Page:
In music and music theory, a hexatonic scale is a scale with six pitches or notes per octave. Famous examples include the whole tone scale, C D E F♯ G♯ A♯ C; the augmentedscale, C D♯ E G A♭ B C; the Prometheus scale, C D E F♯ A B♭ C; and what some jazz theorists call the “blues scale”, C E♭ F G♭ G B♭ C.
Whole tone scale
This whole-tone scale has appeared occasionally and sporadically in jazz at least since Bix Beiderbecke’s impressionistic piano piece In a Mist. Bop pianist Thelonious Monk often interpolated whole-tone scale flourishes into his improvisations and compositions.
It made one of its most celebrated early appearances in Franz Liszt’s Faust Symphony (Eine Faust Symphonie). Another famous use of the augmented scale (in jazz) is in Oliver Nelson’s solo on “Stolen Moments”. It is also prevalent in 20th century compositions by Alberto Ginastera, Almeida Prado, Béla Bartók, Milton Babbitt, and Arnold Schoenberg, by saxophonists John Coltrane and Oliver Nelson in the late 50s and early 60s, and bandleader Michael Brecker. Alternating E major and C minor triads form the augmented scale in the opening bars of the Finale in Shostakovich’s Second Piano Trio.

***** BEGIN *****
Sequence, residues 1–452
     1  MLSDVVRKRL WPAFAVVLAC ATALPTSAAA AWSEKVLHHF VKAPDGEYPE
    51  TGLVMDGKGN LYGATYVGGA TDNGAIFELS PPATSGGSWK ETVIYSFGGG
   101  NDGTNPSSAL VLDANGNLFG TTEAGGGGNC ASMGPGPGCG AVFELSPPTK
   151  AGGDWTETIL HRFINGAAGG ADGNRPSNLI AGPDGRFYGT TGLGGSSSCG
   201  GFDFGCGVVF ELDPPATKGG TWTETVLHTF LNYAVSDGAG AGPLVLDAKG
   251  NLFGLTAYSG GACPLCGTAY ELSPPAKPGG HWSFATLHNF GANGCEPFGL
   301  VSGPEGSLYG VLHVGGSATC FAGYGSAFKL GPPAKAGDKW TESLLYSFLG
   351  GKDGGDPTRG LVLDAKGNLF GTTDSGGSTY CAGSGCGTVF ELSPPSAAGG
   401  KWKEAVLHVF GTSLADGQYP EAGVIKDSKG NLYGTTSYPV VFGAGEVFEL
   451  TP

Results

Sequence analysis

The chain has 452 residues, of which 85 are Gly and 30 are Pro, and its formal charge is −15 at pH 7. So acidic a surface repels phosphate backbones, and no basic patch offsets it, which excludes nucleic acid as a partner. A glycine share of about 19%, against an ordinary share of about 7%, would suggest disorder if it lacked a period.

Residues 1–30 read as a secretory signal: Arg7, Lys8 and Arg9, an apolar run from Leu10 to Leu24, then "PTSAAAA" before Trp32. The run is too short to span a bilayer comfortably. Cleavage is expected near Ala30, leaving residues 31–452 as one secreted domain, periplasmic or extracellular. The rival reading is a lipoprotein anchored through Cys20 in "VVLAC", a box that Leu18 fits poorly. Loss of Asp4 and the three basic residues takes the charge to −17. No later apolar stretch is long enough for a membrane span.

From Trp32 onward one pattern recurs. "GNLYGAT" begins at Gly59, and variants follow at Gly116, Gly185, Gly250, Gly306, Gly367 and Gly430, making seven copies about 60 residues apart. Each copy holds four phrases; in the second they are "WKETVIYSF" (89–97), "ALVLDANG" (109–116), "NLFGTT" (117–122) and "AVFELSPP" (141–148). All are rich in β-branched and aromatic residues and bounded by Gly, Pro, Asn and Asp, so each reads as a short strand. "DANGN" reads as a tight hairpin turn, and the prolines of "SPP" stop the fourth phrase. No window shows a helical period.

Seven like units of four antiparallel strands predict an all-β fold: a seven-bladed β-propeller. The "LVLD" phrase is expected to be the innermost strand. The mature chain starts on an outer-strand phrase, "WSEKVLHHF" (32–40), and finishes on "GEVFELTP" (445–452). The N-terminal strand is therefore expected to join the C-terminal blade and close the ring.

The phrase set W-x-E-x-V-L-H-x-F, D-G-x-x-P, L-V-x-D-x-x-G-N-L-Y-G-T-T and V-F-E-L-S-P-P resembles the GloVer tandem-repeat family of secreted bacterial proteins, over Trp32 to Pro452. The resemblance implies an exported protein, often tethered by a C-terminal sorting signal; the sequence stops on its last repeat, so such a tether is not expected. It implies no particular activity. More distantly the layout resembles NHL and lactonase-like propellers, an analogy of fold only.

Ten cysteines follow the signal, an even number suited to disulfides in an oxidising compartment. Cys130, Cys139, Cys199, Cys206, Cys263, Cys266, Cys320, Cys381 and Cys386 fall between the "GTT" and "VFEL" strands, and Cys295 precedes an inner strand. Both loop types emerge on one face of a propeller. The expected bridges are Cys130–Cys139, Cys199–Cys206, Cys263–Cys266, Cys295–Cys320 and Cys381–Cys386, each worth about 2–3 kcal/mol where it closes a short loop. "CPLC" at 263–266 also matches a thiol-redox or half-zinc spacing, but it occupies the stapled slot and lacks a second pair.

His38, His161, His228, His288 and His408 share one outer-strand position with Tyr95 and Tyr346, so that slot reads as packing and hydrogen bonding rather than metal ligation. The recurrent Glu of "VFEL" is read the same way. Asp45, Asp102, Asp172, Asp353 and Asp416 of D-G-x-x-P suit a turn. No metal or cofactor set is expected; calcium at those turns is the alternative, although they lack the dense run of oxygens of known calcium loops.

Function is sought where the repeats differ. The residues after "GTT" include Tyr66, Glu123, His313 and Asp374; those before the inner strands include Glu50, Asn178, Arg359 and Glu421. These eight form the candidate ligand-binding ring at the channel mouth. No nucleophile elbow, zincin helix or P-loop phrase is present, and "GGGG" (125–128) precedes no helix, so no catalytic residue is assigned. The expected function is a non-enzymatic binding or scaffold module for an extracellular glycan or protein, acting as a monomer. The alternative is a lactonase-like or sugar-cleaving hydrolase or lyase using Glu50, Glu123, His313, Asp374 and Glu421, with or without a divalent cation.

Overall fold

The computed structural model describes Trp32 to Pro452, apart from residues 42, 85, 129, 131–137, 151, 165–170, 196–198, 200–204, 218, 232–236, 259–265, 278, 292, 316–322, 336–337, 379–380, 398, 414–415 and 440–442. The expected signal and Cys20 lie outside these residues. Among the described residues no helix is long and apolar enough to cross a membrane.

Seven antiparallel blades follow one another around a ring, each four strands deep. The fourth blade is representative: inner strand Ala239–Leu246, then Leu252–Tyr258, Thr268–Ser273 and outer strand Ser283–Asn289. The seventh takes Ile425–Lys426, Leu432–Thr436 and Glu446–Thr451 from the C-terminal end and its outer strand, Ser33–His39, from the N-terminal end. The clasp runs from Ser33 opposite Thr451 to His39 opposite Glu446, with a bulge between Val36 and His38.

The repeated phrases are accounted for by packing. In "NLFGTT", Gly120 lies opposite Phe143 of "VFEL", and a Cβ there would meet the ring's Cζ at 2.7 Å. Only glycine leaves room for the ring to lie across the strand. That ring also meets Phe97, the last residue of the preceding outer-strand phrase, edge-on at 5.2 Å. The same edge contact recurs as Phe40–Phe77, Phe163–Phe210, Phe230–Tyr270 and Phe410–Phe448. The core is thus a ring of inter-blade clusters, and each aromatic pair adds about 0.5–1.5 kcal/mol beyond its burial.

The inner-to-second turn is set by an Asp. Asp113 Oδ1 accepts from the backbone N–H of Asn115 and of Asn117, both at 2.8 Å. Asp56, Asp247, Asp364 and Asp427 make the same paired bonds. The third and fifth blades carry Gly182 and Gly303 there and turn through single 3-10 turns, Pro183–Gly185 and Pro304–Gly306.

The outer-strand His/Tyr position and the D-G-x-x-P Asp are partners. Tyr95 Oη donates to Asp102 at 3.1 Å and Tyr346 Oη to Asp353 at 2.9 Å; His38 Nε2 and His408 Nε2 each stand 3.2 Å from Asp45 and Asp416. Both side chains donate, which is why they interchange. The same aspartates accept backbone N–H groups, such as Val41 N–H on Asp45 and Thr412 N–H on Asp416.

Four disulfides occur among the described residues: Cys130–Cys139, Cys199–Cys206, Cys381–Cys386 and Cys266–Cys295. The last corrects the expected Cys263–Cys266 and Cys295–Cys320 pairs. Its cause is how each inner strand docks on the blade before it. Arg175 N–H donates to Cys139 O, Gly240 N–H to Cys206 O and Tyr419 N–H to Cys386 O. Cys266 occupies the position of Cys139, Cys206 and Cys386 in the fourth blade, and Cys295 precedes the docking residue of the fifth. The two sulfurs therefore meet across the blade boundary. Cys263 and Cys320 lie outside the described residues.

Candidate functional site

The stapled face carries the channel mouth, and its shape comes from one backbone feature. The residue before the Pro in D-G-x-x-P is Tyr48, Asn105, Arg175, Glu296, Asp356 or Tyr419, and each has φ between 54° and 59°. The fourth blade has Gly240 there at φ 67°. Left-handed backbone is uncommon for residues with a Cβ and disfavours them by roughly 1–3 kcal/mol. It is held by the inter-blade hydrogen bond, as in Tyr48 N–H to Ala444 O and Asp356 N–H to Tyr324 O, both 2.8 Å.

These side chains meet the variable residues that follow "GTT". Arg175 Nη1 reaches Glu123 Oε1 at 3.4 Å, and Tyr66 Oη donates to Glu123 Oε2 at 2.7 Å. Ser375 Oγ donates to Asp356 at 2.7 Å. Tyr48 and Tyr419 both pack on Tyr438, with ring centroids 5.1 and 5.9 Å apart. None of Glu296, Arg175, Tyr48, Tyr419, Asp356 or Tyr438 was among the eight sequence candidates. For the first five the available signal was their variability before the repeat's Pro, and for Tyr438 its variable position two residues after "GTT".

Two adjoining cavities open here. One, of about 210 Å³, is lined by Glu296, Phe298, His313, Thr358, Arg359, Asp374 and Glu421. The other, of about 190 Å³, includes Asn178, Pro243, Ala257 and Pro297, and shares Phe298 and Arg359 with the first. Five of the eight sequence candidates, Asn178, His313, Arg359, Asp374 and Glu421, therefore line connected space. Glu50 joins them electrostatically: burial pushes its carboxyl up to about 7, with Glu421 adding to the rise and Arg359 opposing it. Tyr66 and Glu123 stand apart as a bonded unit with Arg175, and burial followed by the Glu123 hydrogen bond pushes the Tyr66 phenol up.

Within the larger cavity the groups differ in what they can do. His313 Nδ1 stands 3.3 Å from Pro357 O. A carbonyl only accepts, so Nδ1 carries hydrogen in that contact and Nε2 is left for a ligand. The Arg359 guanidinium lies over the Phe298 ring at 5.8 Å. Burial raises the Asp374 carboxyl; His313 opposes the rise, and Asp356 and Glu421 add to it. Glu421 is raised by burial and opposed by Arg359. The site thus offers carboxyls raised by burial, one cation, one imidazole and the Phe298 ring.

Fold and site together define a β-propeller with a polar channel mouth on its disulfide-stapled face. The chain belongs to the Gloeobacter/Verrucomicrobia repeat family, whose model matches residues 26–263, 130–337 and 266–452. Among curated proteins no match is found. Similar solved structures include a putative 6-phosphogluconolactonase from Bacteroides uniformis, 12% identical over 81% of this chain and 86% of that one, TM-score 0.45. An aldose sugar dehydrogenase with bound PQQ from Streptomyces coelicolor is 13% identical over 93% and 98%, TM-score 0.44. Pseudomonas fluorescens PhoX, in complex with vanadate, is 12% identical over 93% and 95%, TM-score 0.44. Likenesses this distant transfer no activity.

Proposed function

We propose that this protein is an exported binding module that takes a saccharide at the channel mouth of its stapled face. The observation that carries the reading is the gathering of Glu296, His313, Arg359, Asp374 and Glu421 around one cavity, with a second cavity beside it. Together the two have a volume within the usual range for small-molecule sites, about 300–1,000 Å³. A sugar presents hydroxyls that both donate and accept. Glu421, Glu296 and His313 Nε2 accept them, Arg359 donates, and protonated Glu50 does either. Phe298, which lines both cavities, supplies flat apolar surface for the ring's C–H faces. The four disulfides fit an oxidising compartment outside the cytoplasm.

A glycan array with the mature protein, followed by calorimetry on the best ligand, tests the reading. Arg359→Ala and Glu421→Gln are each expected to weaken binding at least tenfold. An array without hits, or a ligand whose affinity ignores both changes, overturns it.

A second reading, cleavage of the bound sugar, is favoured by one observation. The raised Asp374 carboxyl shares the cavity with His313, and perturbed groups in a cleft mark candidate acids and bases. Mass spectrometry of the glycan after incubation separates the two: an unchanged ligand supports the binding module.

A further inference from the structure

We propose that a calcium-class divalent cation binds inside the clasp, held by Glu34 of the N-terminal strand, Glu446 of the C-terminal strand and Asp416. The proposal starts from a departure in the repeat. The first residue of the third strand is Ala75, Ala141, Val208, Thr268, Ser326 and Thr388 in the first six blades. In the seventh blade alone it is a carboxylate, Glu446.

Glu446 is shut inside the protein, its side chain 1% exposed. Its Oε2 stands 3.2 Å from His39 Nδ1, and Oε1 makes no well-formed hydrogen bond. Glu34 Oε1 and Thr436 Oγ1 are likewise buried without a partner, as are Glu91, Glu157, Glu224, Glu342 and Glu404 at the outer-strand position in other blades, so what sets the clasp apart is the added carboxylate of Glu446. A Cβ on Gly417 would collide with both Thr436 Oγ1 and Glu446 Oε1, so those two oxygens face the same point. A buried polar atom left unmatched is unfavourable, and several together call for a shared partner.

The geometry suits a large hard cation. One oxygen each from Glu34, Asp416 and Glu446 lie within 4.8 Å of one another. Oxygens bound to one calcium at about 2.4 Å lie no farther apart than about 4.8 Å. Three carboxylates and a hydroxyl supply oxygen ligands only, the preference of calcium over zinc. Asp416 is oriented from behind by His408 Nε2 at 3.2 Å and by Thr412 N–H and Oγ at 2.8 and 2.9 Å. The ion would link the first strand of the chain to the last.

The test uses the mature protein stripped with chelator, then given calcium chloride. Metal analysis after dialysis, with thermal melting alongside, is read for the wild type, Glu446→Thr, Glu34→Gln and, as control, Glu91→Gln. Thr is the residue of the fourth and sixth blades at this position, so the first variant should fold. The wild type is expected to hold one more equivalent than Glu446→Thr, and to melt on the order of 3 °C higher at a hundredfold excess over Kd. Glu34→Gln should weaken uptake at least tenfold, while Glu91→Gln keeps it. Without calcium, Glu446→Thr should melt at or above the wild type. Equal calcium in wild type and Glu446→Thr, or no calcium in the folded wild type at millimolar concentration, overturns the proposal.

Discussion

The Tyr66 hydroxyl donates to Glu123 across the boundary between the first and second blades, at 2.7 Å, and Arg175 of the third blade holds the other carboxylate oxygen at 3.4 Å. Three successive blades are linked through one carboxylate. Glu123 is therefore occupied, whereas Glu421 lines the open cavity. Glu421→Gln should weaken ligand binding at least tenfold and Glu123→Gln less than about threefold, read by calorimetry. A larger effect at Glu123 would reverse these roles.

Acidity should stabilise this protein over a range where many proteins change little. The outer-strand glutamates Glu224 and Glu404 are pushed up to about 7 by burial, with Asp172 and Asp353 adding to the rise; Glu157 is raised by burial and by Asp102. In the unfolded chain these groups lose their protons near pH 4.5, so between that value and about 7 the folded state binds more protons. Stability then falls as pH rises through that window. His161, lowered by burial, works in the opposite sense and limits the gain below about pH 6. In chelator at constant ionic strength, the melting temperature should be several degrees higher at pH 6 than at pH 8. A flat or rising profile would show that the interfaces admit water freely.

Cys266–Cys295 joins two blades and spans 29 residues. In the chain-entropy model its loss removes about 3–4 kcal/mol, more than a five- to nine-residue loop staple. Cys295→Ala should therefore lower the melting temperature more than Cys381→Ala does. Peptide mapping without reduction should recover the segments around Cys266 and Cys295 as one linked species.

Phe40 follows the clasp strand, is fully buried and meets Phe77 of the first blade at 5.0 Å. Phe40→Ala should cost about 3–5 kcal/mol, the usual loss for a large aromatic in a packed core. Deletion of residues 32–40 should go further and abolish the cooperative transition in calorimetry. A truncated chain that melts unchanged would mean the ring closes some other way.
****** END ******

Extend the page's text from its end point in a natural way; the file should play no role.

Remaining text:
The Prometheus scale is so called because of its prominent use in Alexander Scriabin’s symphonic poem Prometheus: The Poem of Fire. Scriabin himself called this set of pitches, voiced as the simultaneity (in ascending order) C F♯ B♭ E A D the “mystic chord”. Others have referred to it as the “Promethean chord”.
Since blue notes are alternate inflections, strictly speaking there can be no one blues scale, but the scale most commonly called “the blues scale” comprises a flatted seventh blue note, a flatted third blue note, and a flatted fifth blue note along with other pitches derived from the minor pentatonic scale: C E♭ F F♯ G B♭ C
The tritone scale, C D♭ E G♭ G(♮) B♭, is enharmonically equivalent to the Petrushka chord, C C♯ E F♯ G A♯.
The two-semitone tritone scale, C D♭ D F♯ G A♭, is a symmetric scale consisting of a repeated pattern of two semitones followed by a major third now used for improvisation and may substitute for any mode of the jazz minor scale. The scale originated in Nicolas Slonimsky’s book Thesaurus of Scales and Melodic Patterns through the, “equal division of one octave into two parts,” creating a tritone, and the, “interpolation of two notes,” adding two consequent semitones after the two resulting notes.